Date
2021
Data type
Scientific article
Theme
Education and outreach
Research and monitoring
Journal
Geographic location
Aruba
Bonaire
Curacao
Saba
Saba bank
St. Eustatius
St. Maarten
Author

Implications of 2D versus 3D surveys to measure the abundance and composition of benthic coral reef communities

Abstract

A paramount challenge in coral reef ecology is to estimate the abundance and composition of the communities residing in such complex ecosystems. Traditional 2D projected surface cover estimates neglect the 3D structure of reefs and reef organisms, overlook communities residing in cryptic reef habitats (e.g., overhangs, cavities), and thus may fail to represent biomass estimates needed to assess trophic ecology and reef function. Here, we surveyed the 3D surface cover, biovolume, and biomass (i.e., ash-free dry weight) of all major benthic taxa on 12 coral reef stations on the island of Curaçao (Southern Caribbean) using structure-from-motion photogrammetry, coral point counts, in situ measurements, and elemental analysis. We then compared our 3D benthic community estimates to corresponding estimates of traditional 2D projected surface cover to explore the differences in benthic community composition using different metrics. Overall, 2D cover was dominated (52 ± 2%, mean ± SE) by non-calcifying phototrophs (macroalgae, turf algae, benthic cyanobacterial mats), but their contribution to total reef biomass was minor (3.2 ± 0.6%). In contrast, coral cover (32 ± 2%) more closely resembled coral biomass (27 ± 6%). The relative contribution of erect organisms, such as gorgonians and massive sponges, to 2D cover was twofold and 11-fold lower, respectively, than their contribution to reef biomass. Cryptic surface area (3.3 ± 0.2 m2 m−2planar reef) comprised half of the total reef substrate, rendering two thirds of coralline algae and almost all encrusting sponges (99.8%) undetected in traditional assessments. Yet, encrusting sponges dominated reef biomass (35 ± 18%). Based on our quantification of exposed and cryptic reef communities using different metrics, we suggest adjustments to current monitoring approaches and highlight ramifications for evaluating the ecological contributions of different taxa to overall reef function. To this end, our metric conversions can complement other benthic assessments to generate non-invasive estimates of the biovolume, biomass, and elemental composition (i.e., standing stocks of organic carbon and nitrogen) of Caribbean coral reef communities.

Date
2021
Data type
Scientific article
Theme
Research and monitoring
Journal
Geographic location
Curacao

Impacts of parrotfish predation on a major reef-building coral: quantifying healing rates and thresholds of coral recovery

 Parrotfishes are important Caribbean herbivores that are believed to indirectly benefit corals by grazing algae; yet, some species also feed on live coral, which may have direct negative impacts on coral growth and survivorship. Caribbean parrotfishes prey upon multiple coral species but have particularly high rates of predation on Orbicella annularis , a major framework building coral and an endangered species. While some researchers have suggested that parrotfishes may have significant long-term impacts on heavily targeted species such as O. annularis , the patterns of coral recovery from parrotfish predation scars remain poorly understood. To address this knowledge gap, we tracked the fate of parrotfish bite scars on O. annularis  colonies across two Caribbean islands for up to 2 months. We evaluated differences in coral healing between islands in response to a number of variables including the initial scar surface area, scar abundance per coral colony, colony surface area, and water depth. We used these data to develop a predictive model of O. annularis  tissue loss from recent parrotfish bite scars. We then applied this model to surveys of the distribution of bite scars at a point in time to estimate long-term tissue loss of O. annularis  colonies from a standing stock of bite scars. Our findings suggest that the initial scar surface area is one of the most important predictors of coral tissue loss. The data also indicate that there are thresholds in patterns of coral tissue regeneration:we observed that small scars (B  1.25 cm2 ) often fully heal, while larger scars (C  8.2 cm2 ) had minimal tissue regeneration. The vast majority of observed scars (*  87%) were 1.25 cm2  or less, and our model predicted that O. annularis  colonies would regenerate nearly all the corresponding scar area. In contrast, while scars greater than or equal to 8.2 cm2  were infrequent (*  6% of all observed scars), our model predicted that these larger scars would account for over 96% of the total tissue loss for grazed colonies. Overall, our results suggest that the immediate negative impacts of parrotfish predation on coral tissue loss appear to be driven primarily by a few exceptionally large bite scars. While further work is needed to understand the long-term impacts of corallivory and quantify the net impacts of parrotfish herbivory and corallivory on Caribbean coral reefs, this study is an important step in addressing factors that impact the recovery of a heavily targeted and ecologically  important Caribbean coral from parrotfish predation.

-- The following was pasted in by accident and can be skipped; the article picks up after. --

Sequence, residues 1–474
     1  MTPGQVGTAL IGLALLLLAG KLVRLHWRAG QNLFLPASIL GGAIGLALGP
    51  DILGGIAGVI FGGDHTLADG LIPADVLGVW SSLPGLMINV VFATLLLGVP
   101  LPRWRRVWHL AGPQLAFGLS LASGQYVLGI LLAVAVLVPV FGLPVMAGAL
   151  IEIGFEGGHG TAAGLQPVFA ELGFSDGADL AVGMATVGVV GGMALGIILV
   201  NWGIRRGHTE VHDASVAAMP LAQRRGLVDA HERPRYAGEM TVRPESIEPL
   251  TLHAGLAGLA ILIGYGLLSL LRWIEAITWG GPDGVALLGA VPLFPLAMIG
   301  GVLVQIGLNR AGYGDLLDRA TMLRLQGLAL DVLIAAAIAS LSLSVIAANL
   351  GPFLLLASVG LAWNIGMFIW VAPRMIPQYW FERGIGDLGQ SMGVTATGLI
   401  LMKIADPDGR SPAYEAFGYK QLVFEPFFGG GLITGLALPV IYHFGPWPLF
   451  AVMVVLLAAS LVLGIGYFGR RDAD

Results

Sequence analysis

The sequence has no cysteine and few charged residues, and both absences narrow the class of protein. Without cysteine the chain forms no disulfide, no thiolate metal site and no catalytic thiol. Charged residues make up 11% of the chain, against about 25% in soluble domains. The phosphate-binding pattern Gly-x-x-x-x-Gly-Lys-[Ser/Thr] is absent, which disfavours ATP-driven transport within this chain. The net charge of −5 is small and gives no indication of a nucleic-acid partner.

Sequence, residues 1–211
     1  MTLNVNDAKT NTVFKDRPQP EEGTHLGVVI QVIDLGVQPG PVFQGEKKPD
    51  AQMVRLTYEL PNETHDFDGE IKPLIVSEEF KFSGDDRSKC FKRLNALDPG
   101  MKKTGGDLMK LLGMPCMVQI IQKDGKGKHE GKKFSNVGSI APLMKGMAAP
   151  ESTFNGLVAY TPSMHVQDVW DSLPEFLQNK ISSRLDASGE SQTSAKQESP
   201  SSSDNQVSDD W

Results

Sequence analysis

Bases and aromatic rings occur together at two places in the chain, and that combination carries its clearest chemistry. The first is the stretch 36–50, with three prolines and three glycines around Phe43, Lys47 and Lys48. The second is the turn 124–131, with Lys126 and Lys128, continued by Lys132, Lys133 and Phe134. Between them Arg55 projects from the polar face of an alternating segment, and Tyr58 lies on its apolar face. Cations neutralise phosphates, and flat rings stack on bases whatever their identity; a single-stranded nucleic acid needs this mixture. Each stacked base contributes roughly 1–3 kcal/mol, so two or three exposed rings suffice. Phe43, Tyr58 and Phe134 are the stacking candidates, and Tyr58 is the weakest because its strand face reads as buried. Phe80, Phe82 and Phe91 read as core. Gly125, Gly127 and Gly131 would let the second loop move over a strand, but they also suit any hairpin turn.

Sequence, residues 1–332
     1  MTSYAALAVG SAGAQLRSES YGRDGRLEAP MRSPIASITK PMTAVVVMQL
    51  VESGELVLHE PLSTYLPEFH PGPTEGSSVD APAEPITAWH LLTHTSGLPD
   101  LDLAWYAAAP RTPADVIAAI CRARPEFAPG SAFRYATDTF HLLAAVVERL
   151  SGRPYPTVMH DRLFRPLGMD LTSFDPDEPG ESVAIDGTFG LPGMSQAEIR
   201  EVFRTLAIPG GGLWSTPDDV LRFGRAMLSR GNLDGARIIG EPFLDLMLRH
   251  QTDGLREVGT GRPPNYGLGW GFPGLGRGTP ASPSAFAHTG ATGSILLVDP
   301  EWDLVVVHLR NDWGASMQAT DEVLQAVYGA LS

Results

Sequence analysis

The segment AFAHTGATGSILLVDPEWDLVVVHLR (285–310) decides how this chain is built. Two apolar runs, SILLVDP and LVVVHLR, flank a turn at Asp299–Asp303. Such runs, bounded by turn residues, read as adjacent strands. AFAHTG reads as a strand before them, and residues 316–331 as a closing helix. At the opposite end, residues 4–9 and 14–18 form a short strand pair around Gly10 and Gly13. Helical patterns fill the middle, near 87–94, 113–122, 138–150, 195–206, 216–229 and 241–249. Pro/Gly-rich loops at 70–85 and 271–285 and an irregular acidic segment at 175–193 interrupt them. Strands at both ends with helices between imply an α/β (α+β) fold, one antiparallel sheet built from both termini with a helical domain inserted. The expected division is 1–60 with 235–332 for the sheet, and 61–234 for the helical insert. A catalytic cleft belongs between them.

Date
2020
Data type
Scientific article
Theme
Research and monitoring
Journal
Geographic location
Bonaire

Morpho-molecular traits of Indo-Pacific and Caribbean Halofolliculina ciliate infections